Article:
I use it this in Mezzanine to wait on both a user model and a profile model which are both string references. That usage is more defensive than it is strictly necessary, but it demonstrates the point. I leave more creative uses to future generations. :)

I hear you about add_lazy_relation being used outside of Django (I do it). If it is used a lot, I see that as a good reason to clean up and document the API, though with an extended deprecation timeline – pave the cowpaths. I've done a quick search on GitHub but most of the results are Django builds in other people's repos, so it's not all that helpful. Perhaps I should poll django-users to get a sense of how widely it's used?

I propose:

  • Move the core generic functionality into the Apps registry and reimplement add_lazy_relation accordingly as in this PR.
  • Include Apps.lazy_model_operation in the public app registry API and document it here.

Then either:

  • Scrap the new lazy_related_operation helper and don't deprecate add_lazy_relation at all – simply re-implement it while retaining the existing signature, or
  • Proceed as per my plan but push removal of add_lazy_relation back to the next LTS. Possibly go the whole hog and document lazy_related_operation as well.

Now wishing this had come up a bit earlier and snuck into 1.8!


Last edited 9 years ago by Alex Hill (previous) (diff)

comment:6 by Anssi Kääriäinen, 9 years ago

I like the general idea of refactoring the add_lazy_relation functionality. I think we also want to guard against unhandled lazy relations, which seems to be missing from current code. So, +1 from me.

I'm not going to set this as accepted, as I'm not sure if we need this as public API (I'm not against that either, I just don't know).

comment:7 by Alex Hill, 9 years ago

Hi Anssi,

Thanks for your feedback.

I have made some changes to the patch, notably:

Regarding unhandled relations: if someone waits for a model that doesn't exist the signal will never fire. I suppose at the end of the app registry's loading phase would be a good place to check for those. Issuing a warning might be the go, as it's always possible (though unlikely) that the user intends to define a model later...

While looking into this, ran into #21175. Currently abstract models don't fire class_prepared, so lazy operations involving abstract models remain unhandled. In practise it doesn't matter because their concrete children work fine, but it would be worth fixing.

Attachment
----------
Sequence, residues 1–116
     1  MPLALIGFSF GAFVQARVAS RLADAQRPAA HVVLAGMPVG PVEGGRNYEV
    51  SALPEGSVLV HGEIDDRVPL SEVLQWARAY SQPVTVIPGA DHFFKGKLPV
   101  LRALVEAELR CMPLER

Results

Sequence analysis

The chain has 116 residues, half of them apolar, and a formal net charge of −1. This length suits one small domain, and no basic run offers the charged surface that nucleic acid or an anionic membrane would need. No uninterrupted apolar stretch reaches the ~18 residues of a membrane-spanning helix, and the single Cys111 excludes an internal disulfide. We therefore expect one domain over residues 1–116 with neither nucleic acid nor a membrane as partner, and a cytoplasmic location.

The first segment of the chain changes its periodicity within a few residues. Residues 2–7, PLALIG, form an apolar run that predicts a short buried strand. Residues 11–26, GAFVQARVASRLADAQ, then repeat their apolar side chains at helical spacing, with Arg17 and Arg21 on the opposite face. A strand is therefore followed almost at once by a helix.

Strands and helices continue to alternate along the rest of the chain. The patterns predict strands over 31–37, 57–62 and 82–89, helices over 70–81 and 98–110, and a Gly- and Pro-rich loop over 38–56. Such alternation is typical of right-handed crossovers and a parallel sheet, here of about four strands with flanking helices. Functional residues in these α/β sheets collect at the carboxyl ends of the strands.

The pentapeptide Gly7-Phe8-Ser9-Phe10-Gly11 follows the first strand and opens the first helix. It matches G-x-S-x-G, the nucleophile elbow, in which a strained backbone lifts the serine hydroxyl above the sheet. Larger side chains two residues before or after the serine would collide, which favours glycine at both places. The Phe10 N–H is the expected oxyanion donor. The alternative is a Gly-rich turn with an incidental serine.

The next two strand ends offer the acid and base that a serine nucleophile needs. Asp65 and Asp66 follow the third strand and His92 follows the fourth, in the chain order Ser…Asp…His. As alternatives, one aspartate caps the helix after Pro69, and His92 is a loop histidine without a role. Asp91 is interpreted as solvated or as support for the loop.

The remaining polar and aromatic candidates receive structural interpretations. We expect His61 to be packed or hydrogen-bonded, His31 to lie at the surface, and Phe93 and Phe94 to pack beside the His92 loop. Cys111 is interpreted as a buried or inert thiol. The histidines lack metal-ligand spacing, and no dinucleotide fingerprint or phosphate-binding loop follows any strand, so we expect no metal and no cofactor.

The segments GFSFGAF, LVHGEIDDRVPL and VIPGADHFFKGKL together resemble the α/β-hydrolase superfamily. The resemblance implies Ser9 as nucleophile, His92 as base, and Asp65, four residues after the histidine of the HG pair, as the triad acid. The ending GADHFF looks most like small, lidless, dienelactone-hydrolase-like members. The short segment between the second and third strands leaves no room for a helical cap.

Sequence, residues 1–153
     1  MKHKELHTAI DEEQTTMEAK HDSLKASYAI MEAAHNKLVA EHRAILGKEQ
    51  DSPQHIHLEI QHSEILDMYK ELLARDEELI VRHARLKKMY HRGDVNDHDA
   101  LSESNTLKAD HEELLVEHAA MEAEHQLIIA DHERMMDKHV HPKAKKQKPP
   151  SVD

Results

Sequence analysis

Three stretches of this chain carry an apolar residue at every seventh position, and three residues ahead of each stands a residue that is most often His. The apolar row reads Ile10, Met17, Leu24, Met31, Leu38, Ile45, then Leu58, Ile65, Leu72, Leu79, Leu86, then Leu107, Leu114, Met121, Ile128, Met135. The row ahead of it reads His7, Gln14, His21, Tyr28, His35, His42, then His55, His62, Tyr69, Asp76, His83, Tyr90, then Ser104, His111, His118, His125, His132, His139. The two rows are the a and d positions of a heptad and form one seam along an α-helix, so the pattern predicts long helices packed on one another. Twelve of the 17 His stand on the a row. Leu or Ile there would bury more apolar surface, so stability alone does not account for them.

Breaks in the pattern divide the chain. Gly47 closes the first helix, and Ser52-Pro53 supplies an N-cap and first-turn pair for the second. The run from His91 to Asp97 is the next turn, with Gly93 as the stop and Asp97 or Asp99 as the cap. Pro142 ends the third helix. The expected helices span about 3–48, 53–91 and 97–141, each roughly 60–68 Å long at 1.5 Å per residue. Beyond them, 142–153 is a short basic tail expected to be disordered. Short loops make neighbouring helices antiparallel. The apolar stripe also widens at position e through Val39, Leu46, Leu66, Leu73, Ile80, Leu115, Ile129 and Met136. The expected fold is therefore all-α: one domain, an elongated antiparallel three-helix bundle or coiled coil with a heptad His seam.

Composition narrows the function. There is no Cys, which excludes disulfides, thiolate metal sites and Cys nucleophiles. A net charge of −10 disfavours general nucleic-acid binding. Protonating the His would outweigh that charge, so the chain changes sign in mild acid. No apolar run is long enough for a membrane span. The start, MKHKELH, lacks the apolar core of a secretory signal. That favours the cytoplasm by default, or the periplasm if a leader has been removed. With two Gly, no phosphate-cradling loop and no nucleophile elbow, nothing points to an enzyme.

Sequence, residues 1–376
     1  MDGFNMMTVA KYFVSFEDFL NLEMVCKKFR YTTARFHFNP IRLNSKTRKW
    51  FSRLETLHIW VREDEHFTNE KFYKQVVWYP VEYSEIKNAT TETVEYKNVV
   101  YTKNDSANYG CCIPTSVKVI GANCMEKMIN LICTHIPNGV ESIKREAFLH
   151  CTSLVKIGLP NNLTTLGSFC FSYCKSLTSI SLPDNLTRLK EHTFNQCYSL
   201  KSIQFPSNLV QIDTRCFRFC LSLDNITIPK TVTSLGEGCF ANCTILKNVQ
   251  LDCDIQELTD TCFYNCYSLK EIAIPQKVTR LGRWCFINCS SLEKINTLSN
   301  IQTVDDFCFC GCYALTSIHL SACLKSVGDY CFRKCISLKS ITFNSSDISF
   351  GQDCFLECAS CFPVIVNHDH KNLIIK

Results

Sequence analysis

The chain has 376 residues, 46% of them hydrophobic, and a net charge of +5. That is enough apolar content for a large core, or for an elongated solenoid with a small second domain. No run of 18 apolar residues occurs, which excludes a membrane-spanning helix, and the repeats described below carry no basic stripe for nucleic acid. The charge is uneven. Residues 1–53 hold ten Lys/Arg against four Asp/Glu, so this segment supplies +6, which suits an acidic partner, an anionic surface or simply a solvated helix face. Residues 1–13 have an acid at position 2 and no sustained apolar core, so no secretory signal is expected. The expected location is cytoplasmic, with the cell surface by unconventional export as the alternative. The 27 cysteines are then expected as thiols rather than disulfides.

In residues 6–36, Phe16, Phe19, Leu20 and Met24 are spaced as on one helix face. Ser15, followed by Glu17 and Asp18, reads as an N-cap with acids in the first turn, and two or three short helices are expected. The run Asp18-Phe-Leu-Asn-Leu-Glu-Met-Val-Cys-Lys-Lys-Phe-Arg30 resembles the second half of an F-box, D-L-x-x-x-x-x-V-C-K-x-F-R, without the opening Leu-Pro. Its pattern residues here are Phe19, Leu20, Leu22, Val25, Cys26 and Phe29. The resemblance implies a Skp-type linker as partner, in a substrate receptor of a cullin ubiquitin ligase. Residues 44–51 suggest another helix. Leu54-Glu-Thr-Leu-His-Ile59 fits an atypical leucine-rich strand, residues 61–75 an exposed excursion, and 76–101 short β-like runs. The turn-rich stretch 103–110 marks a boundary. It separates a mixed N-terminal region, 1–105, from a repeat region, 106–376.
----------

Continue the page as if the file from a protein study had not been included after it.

comment:8 by Alex Hill, 9 years ago

Actually, it's a bit more complicated than just having abstract models fire class_prepared.

We try get_registered_model to see if a model is ready or not, which will always fail with abstract models because they don't appear in the registry. In the case that the abstract model really isn't ready, the callback will still fire when it's constructed (assuming #21175 is fixed), but only the first time.

Is there a reason the app registry doesn't keep track of abstract models?

Note these inconsistencies are present in Django now, they aren't introduced by this patch. Again in practise it doesn't really matter – in fact you get errors if some of the lazy operations are run with abstract models. However if we want to be able to provide warnings for unhandled lazy operations, we have to sort something out with abstract models or they'll raise false alarms.


Last edited 9 years ago by Alex Hill (previous) (diff)

comment:9 by Simon Charette, 9 years ago

As pointed out by Carl on the mailing list abstract model should only be considered as field and method placeholders.

The real issue here is related fields declared on abstract models that add themselves to the apps _pending_lookups.

See this PR.

comment:10 by Alex Hill, 9 years ago

Yep, after my last post in django-developers I basically did the same thing as you in my pull request, just hadn't updated this ticket yet (see commit here). Good to see we're thinking along the same lines.

comment:11 by Alex Hill, 9 years ago

Incidentally, what do you think of #21175 - having abstract models fire class_prepared?